May 20, 1965 |
Vancouver, BC, CAN
|Height||6 ft 6 in (198 cm)|
|Weight||240 lb (110 kg; 17 st 2 lb)|
|Played for||Calgary Flames
Mighty Ducks of Anaheim
Detroit Red Wings
Los Angeles Kings
|NHL Draft||186th overall, 1983
Detroit Red Wings
143rd overall, 1985
Stuart Grimson (born May 20, 1965) is a retired Canadian professional ice hockey player. Grimson played in the National Hockey League from 1989 to 2002. During this time, he played for the Calgary Flames, Chicago Blackhawks, Mighty Ducks of Anaheim, Detroit Red Wings, Hartford Whalers/Carolina Hurricanes, Los Angeles Kings, and Nashville Predators. Grimson was known as an enforcer, with over 2,000 penalty minutes in his career. His stature, his reputation as a fighter, and a play on his surname combined to earn him the nickname "The Grim Reaper". Grimson was born in Vancouver, British Columbia, but grew up in Kamloops, British Columbia.
During his lengthy career, Grimson improved as a fighter. In his younger days, he lacked balance, and was vulnerable to shorter, more powerfully built fighters. It was during his first stint with Anaheim that he began to show signs of improving his balance, and though his style still left him vulnerable, he scored wins over some of the league's tougher fighters. However, his best year in the NHL was the 1992–93 season with the Chicago Blackhawks, where he beat the leagues more formidable fighters such as Tie Domi, Marty McSorley, Darrin Kimble, Bob Probert (pre-season), Gino Odjick, Rob Ray, Kelly Chase, and more.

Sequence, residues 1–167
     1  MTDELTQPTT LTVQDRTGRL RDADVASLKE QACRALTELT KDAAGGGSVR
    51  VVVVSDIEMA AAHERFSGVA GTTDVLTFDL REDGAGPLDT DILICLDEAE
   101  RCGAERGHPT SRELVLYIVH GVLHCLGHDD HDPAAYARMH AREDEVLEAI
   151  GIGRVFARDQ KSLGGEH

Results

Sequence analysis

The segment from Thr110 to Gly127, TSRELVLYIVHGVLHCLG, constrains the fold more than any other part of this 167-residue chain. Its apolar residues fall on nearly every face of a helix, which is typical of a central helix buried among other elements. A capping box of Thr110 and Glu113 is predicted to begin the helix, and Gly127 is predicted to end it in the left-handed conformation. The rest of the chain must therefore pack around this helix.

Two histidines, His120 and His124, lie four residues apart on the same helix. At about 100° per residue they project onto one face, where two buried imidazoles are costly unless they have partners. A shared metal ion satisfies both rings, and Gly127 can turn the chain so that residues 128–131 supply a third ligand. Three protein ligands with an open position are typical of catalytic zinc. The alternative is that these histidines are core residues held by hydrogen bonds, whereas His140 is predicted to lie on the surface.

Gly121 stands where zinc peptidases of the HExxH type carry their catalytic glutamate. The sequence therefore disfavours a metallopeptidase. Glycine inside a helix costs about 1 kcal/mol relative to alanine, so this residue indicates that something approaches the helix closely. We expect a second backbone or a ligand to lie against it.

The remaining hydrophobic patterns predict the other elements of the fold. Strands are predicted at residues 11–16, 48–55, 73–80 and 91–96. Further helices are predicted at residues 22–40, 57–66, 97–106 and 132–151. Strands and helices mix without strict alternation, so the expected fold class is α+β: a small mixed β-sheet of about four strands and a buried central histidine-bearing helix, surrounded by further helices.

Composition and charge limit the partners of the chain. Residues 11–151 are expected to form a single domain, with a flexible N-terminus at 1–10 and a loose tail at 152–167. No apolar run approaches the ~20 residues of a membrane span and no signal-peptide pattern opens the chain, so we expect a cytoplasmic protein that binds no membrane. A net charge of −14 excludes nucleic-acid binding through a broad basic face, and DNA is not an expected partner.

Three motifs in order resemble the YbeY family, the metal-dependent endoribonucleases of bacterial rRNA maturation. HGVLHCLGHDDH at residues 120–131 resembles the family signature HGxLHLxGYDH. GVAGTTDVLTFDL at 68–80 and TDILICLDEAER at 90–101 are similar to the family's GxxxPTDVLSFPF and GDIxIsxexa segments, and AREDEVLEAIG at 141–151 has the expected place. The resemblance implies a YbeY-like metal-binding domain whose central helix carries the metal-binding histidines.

In the 1996–97 season, he scored decisive wins over established fighters such as Randy McKay, Darren Langdon and Enrico Ciccone, and he battered Ryan Vandenbussche and Shane Churla of the New York Rangers in one-sided victories. The following season saw Grimson move with the Whalers to Carolina, and as a Hurricane he continued to be a force in the league. He started a rivalry with Krzysztof Oliwa of the New Jersey Devils that season, which saw the two men fight several times over the next few seasons, usually to a draw.
Grimson spent the next two seasons back in Anaheim, and played his final full season with the Los Angeles Kings in 2000–01. He remained a respected and elite heavyweight fighter, but in his final season, in Nashville, he suffered from post-concussion syndrome and was forced to retire after a fight with Georges Laraque of the Edmonton Oilers. He had already been suffering effects before that bout, and even admitted he once blacked out in the middle of a fight.
Grimson enjoyed a career-long rivalry with enforcer Bob Probert, considered by many observers to be one of the top fighters in NHL history. Though the consensus is that Probert got the better of the rivalry, Grimson usually held his own and scored a couple of wins of his own against Probert.
|1985–86||U. of Manitoba||CIAU||12||7||4||11||113||—||—||—||—||—|
|1986–87||U. of Manitoba||CIAU||29||8||8||16||67||—||—||—||—||—|
|1987–88||Salt Lake Golden Eagles||IHL||37||9||5||14||268||—||—||—||—||—|